Saturday, July 25, 2015

New old program for WLS patients?

I went to a seminar on Weight Loss this morning - the weight loss surgery surgeon involved, meant well - he wanted to provide his patients with a program to do after surgery - the need of which was witnessed by the fact that most of the folks in the room, either gastric sleeve or lap band post ops,  were still quite overweight (although there were a couple of pre ops in the room also).  The surgeon also, has some problems with midline obesity and this, he says, is the latest thing that is working for him but he'd only lost 15 lbs and still had some 15-20 lbs to lose (which he has all in his waist).  He is a believer in low carbing but like many of my friends, that, alone, had not worked for him.  (Dr Atkins the founder of the low carb diet as we know it, explained in his last book that calories do count and you can gain just as much weight on too much of no carb foods as you can on carbs, a fact which has not been seen much in the media - if at allAlso Dr Atkins had heart disease, which is again, a fact which has not often been seen in the mass media.).

The so called "protocol" seemed to me, a rehash of other low cal diets  - similar to the old "Dr Simeon program from the 1950's... in the first stage, you cut the calories down drastically (which of course, damages the metabolism) - they have some kind of protein drink you buy (and also you can intake your protein in other types of product which they also sell.  They have 3 stages of this program and in the maintenance stage you can again eat carbohydrates in small quantities. Although sugar is portrayed as the demon in this program - the latest thing in diet plans - apparently aspartame - nutrasweet which is somewhat toxic and far more unhealthy than sugar ever thought of being, is "ok".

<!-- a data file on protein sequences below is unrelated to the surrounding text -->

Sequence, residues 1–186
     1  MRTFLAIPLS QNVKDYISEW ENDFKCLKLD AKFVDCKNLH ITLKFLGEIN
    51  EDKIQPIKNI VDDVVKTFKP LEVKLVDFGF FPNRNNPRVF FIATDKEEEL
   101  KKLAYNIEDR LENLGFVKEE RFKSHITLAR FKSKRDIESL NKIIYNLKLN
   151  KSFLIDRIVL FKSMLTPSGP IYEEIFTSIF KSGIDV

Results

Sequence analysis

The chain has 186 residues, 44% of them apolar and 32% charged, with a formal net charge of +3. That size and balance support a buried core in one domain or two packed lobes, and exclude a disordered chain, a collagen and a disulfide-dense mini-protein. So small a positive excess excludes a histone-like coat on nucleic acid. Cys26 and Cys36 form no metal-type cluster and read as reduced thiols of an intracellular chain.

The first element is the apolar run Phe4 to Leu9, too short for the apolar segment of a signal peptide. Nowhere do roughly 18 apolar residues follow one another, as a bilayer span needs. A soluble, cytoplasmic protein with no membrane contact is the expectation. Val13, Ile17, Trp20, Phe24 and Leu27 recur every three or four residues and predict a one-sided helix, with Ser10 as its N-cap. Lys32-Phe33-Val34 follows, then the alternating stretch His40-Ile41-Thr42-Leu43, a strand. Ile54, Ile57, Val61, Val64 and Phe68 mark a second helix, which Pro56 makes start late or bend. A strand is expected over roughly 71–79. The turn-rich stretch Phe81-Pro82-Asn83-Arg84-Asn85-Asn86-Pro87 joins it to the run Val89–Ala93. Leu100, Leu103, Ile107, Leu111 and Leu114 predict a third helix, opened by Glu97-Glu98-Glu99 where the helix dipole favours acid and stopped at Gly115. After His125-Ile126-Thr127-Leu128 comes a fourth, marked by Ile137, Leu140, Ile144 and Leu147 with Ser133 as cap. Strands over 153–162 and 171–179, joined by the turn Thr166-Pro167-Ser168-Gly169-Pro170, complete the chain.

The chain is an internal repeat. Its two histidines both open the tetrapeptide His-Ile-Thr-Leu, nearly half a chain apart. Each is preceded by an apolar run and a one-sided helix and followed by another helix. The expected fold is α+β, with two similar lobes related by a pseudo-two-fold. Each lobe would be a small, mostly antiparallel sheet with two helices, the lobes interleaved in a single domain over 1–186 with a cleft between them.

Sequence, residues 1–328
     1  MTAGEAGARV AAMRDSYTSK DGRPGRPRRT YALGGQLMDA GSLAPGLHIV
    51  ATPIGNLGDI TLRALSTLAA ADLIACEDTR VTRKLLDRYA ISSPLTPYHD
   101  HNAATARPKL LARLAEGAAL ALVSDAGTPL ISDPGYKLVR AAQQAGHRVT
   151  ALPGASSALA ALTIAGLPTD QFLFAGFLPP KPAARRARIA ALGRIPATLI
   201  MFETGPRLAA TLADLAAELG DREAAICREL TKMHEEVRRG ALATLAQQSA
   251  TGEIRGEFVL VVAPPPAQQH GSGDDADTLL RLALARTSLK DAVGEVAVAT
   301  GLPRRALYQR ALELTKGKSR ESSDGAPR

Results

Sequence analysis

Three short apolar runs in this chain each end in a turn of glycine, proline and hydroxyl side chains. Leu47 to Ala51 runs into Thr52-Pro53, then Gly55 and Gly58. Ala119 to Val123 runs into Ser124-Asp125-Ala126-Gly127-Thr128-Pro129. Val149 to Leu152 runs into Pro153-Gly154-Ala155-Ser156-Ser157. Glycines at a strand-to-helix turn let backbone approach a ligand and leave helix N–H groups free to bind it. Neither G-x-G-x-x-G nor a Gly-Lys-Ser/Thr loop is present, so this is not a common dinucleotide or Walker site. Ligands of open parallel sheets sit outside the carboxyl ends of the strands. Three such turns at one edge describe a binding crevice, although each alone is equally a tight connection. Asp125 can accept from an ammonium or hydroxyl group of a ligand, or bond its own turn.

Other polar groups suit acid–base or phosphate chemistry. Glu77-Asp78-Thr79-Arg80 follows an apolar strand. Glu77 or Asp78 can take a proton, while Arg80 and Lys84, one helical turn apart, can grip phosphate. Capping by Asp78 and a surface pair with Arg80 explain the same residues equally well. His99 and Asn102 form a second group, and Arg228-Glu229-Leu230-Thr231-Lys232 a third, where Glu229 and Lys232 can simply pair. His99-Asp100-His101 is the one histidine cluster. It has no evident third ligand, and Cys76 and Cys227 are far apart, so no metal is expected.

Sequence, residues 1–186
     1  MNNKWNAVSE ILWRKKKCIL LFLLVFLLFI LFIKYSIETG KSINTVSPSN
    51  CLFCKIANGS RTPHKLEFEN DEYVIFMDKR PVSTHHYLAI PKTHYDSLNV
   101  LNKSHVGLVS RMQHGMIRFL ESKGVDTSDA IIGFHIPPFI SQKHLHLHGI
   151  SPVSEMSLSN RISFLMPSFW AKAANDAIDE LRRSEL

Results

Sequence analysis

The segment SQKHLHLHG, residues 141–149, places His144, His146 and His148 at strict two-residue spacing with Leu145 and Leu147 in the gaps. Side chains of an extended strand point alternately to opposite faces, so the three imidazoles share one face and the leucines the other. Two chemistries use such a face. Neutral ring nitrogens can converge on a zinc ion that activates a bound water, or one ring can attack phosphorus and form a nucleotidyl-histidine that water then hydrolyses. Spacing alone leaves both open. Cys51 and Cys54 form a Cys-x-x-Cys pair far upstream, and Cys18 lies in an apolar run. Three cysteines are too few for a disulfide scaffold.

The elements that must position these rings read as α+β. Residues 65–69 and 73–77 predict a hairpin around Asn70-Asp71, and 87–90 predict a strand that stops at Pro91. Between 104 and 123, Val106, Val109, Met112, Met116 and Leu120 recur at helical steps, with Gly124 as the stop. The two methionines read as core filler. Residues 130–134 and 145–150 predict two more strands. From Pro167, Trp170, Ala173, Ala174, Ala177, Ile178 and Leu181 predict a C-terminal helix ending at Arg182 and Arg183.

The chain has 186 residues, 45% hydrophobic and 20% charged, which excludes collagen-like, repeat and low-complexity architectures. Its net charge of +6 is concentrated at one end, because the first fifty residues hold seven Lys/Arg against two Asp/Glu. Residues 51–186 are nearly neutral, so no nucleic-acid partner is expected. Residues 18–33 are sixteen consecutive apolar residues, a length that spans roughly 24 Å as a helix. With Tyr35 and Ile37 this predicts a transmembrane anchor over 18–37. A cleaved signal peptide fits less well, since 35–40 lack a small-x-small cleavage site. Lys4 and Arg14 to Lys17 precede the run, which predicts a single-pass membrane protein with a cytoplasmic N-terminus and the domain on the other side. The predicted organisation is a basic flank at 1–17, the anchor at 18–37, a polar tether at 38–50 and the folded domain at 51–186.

The new twist is, this company seems to be targeting physicians (many of whom sadly, know little about weight loss science and regard obesity as a medical problem for which a solution - pills or surgery - can solve and be a cash cow at the same time).

I asked the guy hawking this product - what about maintenance... and he said he would talk about it later.  He dismissed it with "well, when you creep up in weight as 'we all do', you go back on the "protocol" for a week or two and take off (crash off?) the weight."  He gained some popularity in the room when he said that people don't have to exercise with this "protocol".  In fact, he went on to say that even if people were working out a lot, it was advised they did not work out while on the low calorie part of the protocol.

As we all know, yo yo syndrome is the best way to really mess up the metabolism and which causes most folks to be more overweight after repeated attempts at crashing off weight.  But they didn't talk about metabolism, of course.  Also if you weight cycle as small an amount as five or ten pounds several times, it not only raises the risk for heart disease but also causes the individual to end up with a higher percentage of body fat.